• STAGE FRIGHT (1950) Man turning on street to look at Jane Wyman.

  • STRANGERS ON A TRAIN (1951) Man boarding train with bass fiddle. Detail-freak Hitchcock personally selected the wet leaves, orange peel, gum wrapper, and crumpled paper for sewer debris as Robert Walker bends down to retrieve a cigarette lighter.

  • I CONFESS (1952) Man walking across top of flight of stairs. Hitch: "Working with Montgomery Clift was difficult because he was a method actor and a neurotic as well."

  • DIAL M FOR MURDER (1954) Man in class reunion photograph. Filmed in 3-D, prints released flat. Strangulation and stabbing-with-scissors scene caused him so much anxiety, Hitch lost 20 pounds. "Nicely done," he said after Take One, "but there wasn't enough gleam to the scissors, and a murder without gleaming scissors is like asparagus without hollandaise sauce."
  • Hitchcock cameo in Rear Window
    Hitchcock cameo in Rear Window
  • REAR WINDOW (1954) Man winding clock. Hitch: "... We had to build a set containing 32 other apartments [Stewart] sees from his window ... We never could have gotten them properly lit in a real location." A foot fetishist, he spent half an hour directing a close-up of Grace Kelly's shoes -- a shot never used in the film.
  • TO CATCH A THIEF (1955) Man sitting next to Cary Grant on bus. Calling his scenarist during filming of final rooftop sequence, Hitch said "Look at them all down there. They think we're discussing something important ... But I only wanted to find out whether you're as frightened of heights as I am."

  • THE TROUBLE WITH HARRY (1956) Man walking in front of exhibition.

  • THE MAN WHO KNEW TOO MUCH (1956) Man watching acrobats from bank. Hitchcock directed the actor playing an assassin watching his target, "Look lovingly at him, as if you're glancing at a beautiful woman."

  • THE WRONG MAN (1957) Man who narrates prologue. Hitchcock took no salary.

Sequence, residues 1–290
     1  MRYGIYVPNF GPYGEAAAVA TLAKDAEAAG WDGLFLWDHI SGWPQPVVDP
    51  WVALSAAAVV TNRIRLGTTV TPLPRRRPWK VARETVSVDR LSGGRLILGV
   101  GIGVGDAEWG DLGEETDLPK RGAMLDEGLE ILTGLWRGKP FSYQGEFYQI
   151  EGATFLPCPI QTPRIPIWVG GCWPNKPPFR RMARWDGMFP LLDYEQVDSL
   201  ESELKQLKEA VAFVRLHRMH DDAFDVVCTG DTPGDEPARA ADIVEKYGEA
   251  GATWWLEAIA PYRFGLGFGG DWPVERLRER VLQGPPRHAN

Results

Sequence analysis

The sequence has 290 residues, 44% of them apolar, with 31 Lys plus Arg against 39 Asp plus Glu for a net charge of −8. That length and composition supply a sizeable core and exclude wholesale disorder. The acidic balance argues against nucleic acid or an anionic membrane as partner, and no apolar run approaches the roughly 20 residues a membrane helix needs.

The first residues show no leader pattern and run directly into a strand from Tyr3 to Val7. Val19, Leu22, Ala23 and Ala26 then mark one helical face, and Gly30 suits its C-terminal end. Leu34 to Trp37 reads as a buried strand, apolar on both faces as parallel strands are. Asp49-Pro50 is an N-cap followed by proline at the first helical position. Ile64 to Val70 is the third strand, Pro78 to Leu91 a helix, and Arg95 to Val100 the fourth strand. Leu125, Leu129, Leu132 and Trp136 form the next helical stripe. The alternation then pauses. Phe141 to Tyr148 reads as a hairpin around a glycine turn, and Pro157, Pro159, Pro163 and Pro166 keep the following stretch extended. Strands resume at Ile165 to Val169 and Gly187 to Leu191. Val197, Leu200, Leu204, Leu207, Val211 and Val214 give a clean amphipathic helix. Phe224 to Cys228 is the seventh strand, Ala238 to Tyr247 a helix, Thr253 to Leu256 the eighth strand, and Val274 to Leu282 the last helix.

• VERTIGO (1958) Man crossing street. Best example of Hitchcock's frequent motif: making a woman over into his own fantasy. Said Stewart, "I didn't realize ... what an impact it would have, but it's an extraordinary achievement by Hitch. And I could tell it was a very personal film for him even while he was making it."
  • Hitchcock cameo in North By Northwest
    Hitchcock cameo in North by Northwest
  • NORTH BY NORTHWEST (1959) Man who misses bus. Background shots filmed at Mt. Rushmore, actual chase filmed at Paramount.
  • Hitchcock cameo in The Birds
    Hitchcock cameo in The Birds
  • PSYCHO (1960) Man in cowboy hat outside an office. "It was very grueling," said Janet Leigh, "to stand in a shower getting drenched for a week."

  • THE BIRDS (1963) Man leaving pet shop with two white dogs. "I felt that after Psycho," said Hitchcock, "people would expect something to top it."

  • MARNIE (1964) Man walking through hotel corridor.

  • TORN CURTAIN (1966) Man sitting in hotel lobby with baby on his lap.
  • TOPAZ (1969) Man in wheelchair at airport.

  • FRENZY (1970) Man listening to speech.

  • FAMILY PLOT (1976) Man whose silhouette is seen through a window talking to another man.
  • Although Hitchcock loved preparing for a film, he found actual filming boring. However, he was a perfectionist and his philosophy was: "Nothing matters except the final picture."

    Directors are as trendy as the times dictate and few retain the ability to remain on top, appealing to all generations. Hitchcock is surely one.

    Copyright Maggie Van Ostrand
    "A Balloon In Cactus"
    July 27, 2009 column